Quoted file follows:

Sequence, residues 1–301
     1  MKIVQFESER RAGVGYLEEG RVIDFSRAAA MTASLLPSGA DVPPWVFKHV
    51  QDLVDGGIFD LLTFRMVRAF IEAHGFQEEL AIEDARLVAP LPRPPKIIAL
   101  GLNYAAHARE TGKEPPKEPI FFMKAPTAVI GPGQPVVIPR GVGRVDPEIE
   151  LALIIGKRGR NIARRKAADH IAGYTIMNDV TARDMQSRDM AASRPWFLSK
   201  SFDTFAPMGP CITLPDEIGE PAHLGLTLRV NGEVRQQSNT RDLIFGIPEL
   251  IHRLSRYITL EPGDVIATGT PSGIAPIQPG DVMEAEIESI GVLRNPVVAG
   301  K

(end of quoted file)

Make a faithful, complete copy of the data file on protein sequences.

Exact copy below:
Sequence, residues 1–301
     1  MKIVQFESER RAGVGYLEEG RVIDFSRAAA MTASLLPSGA DVPPWVFKHV
    51  QDLVDGGIFD LLTFRMVRAF IEAHGFQEEL AIEDARLVAP LPRPPKIIAL
   101  GLNYAAHARE TGKEPPKEPI FFMKAPTAVI GPGQPVVIPR GVGRVDPEIE
   151  LALIIGKRGR NIARRKAADH IAGYTIMNDV TARDMQSRDM AASRPWFLSK
   201  SFDTFAPMGP CITLPDEIGE PAHLGLTLRV NGEVRQQSNT RDLIFGIPEL
   251  IHRLSRYITL EPGDVIATGT PSGIAPIQPG DVMEAEIESI GVLRNPVVAG
   301  K